Which brings us to the next point.
2. Stop comparing yourself to other bloggers.
There are three major reasons why many bloggers give up blogging:
- They are too concerned about their blog’s stats.
- They are yet to achieve their blogging goal.
- They keep comparing themselves to bloggers who are doing better than them.
The third reason is usually the case because the first two reasons revolve around it. You won’t think your blog’s stats are poor until you see someone whose stats make yours look like shit. Likewise, it’s so easy to feel discouraged when you find other bloggers who have blogging goals that are the same as yours but have achieved them in no time.
I remember how sad I was the day I discovered that the amount of traffic I get in a month is nearly what my friend gets in just two days. The fact that my friend and I started blogging the same year made the pain more excruciating. It made me feel like I wasn’t good enough, like I wasn’t cut out for blogging.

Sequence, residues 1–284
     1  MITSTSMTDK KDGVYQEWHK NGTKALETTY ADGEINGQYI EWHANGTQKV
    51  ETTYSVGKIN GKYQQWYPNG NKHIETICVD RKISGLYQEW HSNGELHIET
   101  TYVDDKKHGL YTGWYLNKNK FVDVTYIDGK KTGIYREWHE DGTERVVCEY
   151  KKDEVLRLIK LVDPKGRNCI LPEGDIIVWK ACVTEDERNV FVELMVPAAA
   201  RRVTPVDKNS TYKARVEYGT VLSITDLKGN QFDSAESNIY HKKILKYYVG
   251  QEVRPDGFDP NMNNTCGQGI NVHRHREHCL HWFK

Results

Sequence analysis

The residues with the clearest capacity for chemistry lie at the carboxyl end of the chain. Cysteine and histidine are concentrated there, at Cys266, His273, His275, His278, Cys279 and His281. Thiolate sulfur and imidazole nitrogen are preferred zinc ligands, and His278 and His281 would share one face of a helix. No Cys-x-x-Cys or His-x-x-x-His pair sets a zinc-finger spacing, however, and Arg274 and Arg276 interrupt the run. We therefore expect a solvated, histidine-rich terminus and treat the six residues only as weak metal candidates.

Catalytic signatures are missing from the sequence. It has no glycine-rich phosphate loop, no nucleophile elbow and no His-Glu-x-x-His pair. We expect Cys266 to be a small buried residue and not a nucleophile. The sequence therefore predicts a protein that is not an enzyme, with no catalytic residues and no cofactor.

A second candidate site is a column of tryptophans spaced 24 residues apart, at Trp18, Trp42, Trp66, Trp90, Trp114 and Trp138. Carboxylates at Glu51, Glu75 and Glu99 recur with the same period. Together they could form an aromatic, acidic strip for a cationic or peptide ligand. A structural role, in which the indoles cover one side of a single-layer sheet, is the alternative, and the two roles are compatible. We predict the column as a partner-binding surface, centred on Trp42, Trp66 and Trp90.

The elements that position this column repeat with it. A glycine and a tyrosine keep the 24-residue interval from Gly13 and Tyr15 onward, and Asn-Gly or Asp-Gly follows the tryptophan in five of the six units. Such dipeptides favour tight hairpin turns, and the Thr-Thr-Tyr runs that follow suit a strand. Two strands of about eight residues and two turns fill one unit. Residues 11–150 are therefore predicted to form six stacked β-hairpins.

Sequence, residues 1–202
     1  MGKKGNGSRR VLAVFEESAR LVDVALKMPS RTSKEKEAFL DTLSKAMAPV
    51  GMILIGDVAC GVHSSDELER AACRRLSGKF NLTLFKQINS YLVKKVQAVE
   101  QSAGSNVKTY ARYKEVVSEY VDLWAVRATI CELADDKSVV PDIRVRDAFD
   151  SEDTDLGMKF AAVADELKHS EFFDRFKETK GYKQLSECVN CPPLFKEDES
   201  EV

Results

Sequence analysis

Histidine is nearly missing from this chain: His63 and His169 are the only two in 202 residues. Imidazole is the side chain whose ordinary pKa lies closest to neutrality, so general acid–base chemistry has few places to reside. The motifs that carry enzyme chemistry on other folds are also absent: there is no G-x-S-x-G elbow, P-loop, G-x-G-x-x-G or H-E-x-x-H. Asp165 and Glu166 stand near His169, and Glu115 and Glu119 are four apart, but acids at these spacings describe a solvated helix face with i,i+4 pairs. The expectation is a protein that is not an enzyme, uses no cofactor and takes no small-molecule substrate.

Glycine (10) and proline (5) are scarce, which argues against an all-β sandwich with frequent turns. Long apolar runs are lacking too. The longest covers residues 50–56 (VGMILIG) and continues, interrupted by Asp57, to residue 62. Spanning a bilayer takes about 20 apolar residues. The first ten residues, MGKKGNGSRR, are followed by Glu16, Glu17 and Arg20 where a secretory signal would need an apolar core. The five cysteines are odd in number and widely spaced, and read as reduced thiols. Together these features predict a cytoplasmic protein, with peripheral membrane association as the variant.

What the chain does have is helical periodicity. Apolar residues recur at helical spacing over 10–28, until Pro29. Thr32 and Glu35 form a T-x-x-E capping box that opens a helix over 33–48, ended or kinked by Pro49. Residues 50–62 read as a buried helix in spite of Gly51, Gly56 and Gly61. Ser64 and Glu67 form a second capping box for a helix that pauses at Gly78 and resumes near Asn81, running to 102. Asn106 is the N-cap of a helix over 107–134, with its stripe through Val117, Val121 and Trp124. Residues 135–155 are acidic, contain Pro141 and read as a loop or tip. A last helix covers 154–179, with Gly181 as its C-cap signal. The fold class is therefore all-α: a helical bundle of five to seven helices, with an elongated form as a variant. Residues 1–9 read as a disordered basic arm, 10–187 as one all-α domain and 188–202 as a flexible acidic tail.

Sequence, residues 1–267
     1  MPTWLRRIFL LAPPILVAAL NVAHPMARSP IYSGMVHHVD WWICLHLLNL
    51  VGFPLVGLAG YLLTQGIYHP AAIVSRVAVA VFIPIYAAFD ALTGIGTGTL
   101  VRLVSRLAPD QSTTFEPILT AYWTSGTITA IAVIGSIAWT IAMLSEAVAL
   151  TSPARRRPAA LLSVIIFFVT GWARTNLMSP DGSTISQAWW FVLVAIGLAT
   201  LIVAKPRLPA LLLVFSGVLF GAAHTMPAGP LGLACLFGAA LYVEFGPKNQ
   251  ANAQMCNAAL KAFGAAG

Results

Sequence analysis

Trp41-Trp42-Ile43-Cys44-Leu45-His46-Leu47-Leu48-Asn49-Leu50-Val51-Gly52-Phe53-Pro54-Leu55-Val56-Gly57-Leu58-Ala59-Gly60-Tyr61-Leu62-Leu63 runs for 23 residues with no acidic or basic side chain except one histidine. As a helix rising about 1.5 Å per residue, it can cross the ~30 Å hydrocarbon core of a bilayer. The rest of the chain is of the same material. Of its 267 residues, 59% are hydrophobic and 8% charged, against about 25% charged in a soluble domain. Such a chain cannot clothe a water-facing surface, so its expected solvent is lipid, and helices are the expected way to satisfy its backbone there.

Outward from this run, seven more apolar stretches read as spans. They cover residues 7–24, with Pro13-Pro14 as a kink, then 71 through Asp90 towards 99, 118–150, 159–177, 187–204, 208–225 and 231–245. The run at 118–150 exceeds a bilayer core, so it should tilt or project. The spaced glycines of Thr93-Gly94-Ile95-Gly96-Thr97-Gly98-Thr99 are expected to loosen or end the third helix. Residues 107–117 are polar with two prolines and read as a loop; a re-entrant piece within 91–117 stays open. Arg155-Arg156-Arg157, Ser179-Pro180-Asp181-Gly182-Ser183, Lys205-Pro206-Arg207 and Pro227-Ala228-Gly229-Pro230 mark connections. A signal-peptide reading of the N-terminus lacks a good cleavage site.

But when I thought about it, I realised that my friend and I are so different: We blog about different topics; we have different schedules (mine is busier, by the way), and we use different strategies. These are just some of the factors that contribute to how different our progress rate is.
One thing I’ve learnt is that we all have different definitions of success. For me who wants to connect with many people, I’m concerned about the number of ACTIVE followers I have and the number of comments I get on my blog posts. In one word, engagement.